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The Theory of Badass

By Staff | Aug 25, 2010

(Ed. note: Ms. Fronk is neither a doctor nor a scientist; however, she is totally badass and that makes her an expert on badassness.)

Science (and experience) has proven that, independent of reality, it takes very little hormone to fuel the feeling of badassness in a human.

For instance, ponder the main mode of transportation on an average day in the life of you. Most will picture an automobile, but city-dwellers consider the subway or city bus while farm folk perhaps picture a tractor, as the eco-conscious cycle away.

Regardless of transportation type the resulting feeling is similar. The smugness of the biker as she darts between vehicles and potholes to slide through the red light leaving everyone else behind. The superiority of the automobile driver as he guns past the city bus honking at the lack of signal. The unicyclist who receives unsolicited praise off the street for his balance and grace…They all smirk and think, “Yes, I am a badass.” 

There is a hierarchy to these things, though. Not everyone can be at the top of the badass scale. Testosterone and adrenaline cloud reality as they course through moving bodies.

To truly evaluate badassness we must look to science. The Theory of Badass states that there exists a direct correlation between one’s badassness and the two factors: Speed (how fast one is traveling through space) and Vulnerability (how susceptible one is to the external surrounding). Therefore, the faster one goes and the more vulnerable one is to the elements, the closer one comes to reaching maximum badassness.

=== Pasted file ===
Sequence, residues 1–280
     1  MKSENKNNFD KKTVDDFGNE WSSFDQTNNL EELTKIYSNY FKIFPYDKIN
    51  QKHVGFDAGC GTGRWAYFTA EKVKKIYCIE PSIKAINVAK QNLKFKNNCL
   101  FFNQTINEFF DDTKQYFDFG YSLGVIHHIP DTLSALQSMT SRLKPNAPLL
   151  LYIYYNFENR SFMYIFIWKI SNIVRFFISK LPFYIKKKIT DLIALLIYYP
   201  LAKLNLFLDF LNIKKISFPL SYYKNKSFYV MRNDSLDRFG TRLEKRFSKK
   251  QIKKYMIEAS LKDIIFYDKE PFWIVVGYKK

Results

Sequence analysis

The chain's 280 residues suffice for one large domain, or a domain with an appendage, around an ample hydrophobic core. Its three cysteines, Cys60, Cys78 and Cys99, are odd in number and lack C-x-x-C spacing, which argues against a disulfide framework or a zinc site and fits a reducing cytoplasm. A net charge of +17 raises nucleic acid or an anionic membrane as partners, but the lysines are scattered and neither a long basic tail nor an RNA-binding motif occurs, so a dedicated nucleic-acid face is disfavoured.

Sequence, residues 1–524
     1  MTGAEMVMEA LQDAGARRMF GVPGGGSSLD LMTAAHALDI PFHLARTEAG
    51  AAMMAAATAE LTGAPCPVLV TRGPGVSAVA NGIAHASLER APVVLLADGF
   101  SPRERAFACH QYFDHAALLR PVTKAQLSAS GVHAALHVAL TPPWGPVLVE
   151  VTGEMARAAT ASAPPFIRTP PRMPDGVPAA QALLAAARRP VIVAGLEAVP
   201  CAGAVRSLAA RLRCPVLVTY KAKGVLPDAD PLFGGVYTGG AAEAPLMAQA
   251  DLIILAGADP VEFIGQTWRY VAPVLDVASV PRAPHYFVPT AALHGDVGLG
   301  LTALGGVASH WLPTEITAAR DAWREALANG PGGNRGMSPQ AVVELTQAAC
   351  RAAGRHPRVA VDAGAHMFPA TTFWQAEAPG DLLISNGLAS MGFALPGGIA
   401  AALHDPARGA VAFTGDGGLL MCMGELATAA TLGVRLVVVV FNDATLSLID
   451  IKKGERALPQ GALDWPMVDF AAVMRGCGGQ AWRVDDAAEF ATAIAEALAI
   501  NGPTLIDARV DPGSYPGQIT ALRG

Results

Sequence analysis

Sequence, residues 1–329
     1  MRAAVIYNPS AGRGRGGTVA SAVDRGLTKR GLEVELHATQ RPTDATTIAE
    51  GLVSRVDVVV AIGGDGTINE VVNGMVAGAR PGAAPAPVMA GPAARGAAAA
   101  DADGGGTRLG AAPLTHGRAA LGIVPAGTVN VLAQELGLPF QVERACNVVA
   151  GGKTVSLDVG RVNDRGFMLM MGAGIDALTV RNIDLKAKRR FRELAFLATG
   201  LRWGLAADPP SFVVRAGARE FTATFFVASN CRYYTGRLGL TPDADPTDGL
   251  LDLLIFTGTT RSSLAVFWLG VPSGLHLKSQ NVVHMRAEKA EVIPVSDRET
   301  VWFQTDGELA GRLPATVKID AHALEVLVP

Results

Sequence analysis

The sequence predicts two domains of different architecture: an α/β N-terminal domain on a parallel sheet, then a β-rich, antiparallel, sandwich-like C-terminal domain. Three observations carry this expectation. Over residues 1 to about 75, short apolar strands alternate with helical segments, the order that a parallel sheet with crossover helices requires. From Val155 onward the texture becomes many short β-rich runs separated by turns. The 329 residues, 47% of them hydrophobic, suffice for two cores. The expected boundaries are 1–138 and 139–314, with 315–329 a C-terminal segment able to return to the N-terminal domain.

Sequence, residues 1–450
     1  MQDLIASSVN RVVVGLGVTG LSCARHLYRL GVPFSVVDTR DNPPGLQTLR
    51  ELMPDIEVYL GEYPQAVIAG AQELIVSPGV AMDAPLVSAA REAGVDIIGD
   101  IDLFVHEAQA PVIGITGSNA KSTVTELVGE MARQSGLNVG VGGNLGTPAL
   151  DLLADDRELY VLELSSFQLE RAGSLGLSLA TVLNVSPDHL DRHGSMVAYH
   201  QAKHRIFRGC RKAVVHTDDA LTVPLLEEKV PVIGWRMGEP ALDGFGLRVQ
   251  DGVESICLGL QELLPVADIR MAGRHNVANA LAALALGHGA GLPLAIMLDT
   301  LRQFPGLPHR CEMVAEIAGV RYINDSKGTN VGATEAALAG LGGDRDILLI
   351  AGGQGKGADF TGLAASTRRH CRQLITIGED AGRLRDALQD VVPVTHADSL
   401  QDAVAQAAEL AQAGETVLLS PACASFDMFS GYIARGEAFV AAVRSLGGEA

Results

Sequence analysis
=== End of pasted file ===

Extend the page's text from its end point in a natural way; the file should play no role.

Applying this principle to daily motion we find it now easy to determine the hierarchy of transportation modes (please refer to Badass Hierarchy, fig. 1).

This objective chart plots several common modes of transportation. Note that there are two descriptors commonly confused with being badass: douchebag and dumbass.

While not unreasonable to confuse these two traits — also born out of the feral and relentless need to assert and prove — they reveal a weakness in one factor or the other, which limits the capacity to achieve badassness.

Therefore, when looking at fig. 1 we see that the ultimate douchebag is composed of one who maintains high speed and very low vulnerability (Dodge Neon SRT4 driver). Conversely, one who maintains maximum vulnerability with very low speed is a dumbass (24" Schwinn unicyclist).

And there in the upper right-hand reaches of the figure, science confirms what we all knew to be true: no transportation machine is more badass than a motorcycle (Ducati Desmosedici RR). No driver, no cyclist, no skater, nobody can claim to be as badass as the motorcyclist because no one rides faster or more exposed, no one tests the limits of body and soul more than the one who urges the speedometer closer to top speed of 220 m.p.h. with every inch tearing through the raw wind.

Contact Katharine at letters@graffitiwv.com